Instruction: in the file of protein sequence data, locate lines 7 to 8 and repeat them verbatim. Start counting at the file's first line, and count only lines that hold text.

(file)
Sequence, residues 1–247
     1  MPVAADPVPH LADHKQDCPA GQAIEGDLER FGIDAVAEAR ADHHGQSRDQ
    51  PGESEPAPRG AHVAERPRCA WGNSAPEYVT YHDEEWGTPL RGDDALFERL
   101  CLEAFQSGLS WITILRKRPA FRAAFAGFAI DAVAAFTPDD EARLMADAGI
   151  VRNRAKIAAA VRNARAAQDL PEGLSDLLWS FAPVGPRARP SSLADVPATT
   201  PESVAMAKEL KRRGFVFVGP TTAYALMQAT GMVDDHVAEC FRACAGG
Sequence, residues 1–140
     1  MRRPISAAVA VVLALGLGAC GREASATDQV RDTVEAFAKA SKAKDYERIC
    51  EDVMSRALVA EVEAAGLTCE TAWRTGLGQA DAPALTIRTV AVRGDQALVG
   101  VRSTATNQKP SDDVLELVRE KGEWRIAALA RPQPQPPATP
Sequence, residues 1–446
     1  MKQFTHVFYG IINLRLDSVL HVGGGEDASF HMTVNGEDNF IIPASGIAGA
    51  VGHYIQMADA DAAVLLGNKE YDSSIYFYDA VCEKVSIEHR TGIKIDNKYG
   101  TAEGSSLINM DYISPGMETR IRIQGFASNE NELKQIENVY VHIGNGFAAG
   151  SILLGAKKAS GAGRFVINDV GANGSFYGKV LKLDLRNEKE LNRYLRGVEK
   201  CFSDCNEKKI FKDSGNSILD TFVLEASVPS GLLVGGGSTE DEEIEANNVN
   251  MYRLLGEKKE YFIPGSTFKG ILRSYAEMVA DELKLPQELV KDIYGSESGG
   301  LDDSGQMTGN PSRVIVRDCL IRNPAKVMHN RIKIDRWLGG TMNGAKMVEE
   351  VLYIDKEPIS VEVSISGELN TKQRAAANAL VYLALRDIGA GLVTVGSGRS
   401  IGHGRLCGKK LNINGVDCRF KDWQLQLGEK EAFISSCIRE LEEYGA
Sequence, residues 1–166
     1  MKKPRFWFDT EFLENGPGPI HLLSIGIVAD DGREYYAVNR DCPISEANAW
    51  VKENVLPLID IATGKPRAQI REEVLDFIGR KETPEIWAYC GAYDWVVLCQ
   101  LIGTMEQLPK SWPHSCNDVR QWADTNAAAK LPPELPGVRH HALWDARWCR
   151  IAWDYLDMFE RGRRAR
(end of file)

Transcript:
Sequence, residues 1–140
     1  MRRPISAAVA VVLALGLGAC GREASATDQV RDTVEAFAKA SKAKDYERIC